All these colourful spinels are ready to be used in your commission. Click on each to see a short video.
Speak to a designer about your choice, (let us know the id number shown in the video) or we can find you similar beautiful stones from our gemstone suppliers.
You can work with our designers online and view these sapphires at home. Find out more.
Spinel Key Facts
- 8 on the Mohs scale of hardness
- A striking red stone but available in other colours
- The finest spinels originate in Burma
- The brightest red spinels are brighter even than rubies
- Said to strengthen character
General Information on Spinel
Spinels have cubic crystal structure, which is found in metamorphic rocks where aluminum oxide (corundum) and magnesium forms this gem; once the magnesium is exhausted it is only then when a ruby is crystallized. This is why spinel is very often mistaken for a ruby.
Burma is where the finest spinels where found with a very deep intense red in colour, which is very similar to that of a ruby, they were recognized as a separate gem as early as 1587. Now treasured as a gem of its own it is becoming a favourite stone among dealers due to its hardness of 8, it's pure brilliance, and it's wide range of colours such as the Burmese spinel, a very rare stone which can be found in a hot pink colour.
Spinel is very often found in a variety of colours due to the presence of any impurities, these range from red, which is the most popular colour, this is coloured by chromium and iron. Blue spinel is coloured by iron and other colours available in spinel are rose, orange, brown, pink violet, purple, mauve, green and black. Colorless spinel is very rare.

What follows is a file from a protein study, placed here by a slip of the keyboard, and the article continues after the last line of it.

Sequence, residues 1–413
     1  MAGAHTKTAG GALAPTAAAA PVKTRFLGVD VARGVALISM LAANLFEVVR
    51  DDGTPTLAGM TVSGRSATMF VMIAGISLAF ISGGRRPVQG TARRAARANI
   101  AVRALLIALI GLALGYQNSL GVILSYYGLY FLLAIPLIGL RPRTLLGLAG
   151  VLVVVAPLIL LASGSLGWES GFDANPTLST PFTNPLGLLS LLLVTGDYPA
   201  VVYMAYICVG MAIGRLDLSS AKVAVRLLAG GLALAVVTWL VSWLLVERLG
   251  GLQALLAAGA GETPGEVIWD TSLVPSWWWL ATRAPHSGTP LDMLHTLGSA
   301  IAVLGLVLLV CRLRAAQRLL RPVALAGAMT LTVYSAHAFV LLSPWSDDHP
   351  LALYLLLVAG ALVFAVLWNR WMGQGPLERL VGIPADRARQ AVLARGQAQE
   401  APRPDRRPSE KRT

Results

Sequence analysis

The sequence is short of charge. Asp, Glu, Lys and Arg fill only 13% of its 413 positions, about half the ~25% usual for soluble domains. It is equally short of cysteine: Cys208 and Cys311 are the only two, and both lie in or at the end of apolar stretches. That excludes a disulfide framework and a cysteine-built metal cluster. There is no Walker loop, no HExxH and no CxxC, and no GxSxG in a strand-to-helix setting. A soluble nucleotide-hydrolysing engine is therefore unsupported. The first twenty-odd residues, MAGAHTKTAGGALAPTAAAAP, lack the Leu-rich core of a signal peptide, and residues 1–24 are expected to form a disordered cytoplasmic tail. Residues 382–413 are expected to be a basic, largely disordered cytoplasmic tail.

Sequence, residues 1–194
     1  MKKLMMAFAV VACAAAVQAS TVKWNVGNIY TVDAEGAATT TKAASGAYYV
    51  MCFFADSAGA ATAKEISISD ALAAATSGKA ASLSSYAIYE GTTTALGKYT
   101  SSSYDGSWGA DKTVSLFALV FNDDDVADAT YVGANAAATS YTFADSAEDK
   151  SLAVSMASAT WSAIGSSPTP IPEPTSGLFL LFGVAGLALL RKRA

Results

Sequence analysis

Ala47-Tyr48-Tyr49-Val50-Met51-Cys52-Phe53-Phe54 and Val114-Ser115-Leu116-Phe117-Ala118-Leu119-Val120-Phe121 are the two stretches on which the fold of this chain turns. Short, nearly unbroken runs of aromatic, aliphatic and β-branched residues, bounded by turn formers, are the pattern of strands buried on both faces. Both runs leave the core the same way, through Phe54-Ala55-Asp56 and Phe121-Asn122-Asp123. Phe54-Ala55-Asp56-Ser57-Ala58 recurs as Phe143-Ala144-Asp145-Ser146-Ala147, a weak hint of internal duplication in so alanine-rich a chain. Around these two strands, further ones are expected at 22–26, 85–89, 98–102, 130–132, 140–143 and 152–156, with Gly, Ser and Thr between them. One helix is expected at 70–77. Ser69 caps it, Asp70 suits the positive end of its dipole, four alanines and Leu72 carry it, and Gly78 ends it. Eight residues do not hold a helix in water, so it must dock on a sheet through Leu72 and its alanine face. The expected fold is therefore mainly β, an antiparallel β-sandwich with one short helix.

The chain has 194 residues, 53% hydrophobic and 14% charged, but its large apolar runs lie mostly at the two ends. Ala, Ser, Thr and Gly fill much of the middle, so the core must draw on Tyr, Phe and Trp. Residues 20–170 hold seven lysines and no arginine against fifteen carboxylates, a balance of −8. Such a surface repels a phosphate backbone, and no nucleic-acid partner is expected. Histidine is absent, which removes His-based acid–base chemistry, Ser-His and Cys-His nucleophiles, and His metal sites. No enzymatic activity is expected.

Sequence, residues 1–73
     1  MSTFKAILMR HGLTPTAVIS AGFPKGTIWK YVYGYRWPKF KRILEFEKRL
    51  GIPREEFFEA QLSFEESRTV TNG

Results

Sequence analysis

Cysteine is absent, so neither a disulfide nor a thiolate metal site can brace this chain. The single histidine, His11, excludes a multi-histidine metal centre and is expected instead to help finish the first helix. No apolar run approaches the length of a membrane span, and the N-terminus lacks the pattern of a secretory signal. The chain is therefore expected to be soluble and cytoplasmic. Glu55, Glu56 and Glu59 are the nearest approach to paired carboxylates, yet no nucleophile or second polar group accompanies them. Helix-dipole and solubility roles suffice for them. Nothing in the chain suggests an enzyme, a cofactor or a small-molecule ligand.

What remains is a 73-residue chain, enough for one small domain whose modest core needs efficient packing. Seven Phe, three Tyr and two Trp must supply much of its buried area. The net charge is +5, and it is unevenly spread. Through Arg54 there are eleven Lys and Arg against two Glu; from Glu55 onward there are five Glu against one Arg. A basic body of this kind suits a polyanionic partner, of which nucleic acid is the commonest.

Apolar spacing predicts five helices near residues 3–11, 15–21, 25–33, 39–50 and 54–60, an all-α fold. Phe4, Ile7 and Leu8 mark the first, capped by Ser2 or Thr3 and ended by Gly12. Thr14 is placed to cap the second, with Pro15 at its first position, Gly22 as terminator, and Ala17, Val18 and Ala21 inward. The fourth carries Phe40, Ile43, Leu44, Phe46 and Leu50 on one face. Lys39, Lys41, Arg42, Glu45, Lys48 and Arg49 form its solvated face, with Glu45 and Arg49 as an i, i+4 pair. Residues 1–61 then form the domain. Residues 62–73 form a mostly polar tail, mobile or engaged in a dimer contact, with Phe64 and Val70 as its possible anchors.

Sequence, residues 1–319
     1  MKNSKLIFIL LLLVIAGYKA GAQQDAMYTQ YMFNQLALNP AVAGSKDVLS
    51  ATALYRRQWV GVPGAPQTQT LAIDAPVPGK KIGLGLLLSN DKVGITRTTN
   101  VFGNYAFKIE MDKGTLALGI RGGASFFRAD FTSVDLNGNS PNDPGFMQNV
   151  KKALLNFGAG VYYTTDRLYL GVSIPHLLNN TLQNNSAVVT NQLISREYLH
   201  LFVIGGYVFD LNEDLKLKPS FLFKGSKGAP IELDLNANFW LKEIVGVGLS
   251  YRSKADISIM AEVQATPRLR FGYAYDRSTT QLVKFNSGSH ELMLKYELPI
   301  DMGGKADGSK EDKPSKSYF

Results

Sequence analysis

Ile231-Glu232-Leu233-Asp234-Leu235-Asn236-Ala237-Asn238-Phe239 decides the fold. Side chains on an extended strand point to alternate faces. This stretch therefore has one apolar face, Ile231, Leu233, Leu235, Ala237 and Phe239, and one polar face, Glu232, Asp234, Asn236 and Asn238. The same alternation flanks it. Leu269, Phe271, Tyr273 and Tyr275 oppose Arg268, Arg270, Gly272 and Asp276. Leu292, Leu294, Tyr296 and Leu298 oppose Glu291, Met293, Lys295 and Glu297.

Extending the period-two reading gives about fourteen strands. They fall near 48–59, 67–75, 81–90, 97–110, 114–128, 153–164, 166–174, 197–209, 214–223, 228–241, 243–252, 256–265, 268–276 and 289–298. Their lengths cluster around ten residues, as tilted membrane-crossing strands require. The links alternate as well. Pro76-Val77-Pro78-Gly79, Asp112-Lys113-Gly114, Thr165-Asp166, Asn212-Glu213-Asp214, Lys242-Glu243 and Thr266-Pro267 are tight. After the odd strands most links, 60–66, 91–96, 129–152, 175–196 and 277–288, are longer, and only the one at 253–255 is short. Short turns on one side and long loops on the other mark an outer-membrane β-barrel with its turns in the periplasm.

Suggestions have been made that the word 'spinel' could have come from the Greek word 'spark' which refers to the bright red colour. Transparent red spinels can often be classed as spinel-rubies or Balas-rubies. The yellow spinel is named rubicelle and the violet spinel is called almandine.
As some spinels are man made and are often used as imitation birthstones, many people mistake spinels for a synthetic stone. These synthetic spinels have been in manufacture since 1910 and throughout the years have been used to imitate diamonds and other precious gemstones such as aquamarine. Blue spinel has been used to imitate sapphire.
Fine spinels are becoming incredibly rare, even rarer than rubies which they once imitated, however we have a great source and can find beautiful stones for our customers.
Please contact us if you have any questions or would like to arrange a design consultation.
An article discussing the similarities between spinel and ruby and how it use it in your engagement ring
Spinel is a wonderful stone that is available in a huge array of colours; both Spinel and synthetic Spinel measure 8 on the Mohs scale and have cubic crystal systems
An article discussing the use of coloured gemstones in engagement rings and in particular purple stones.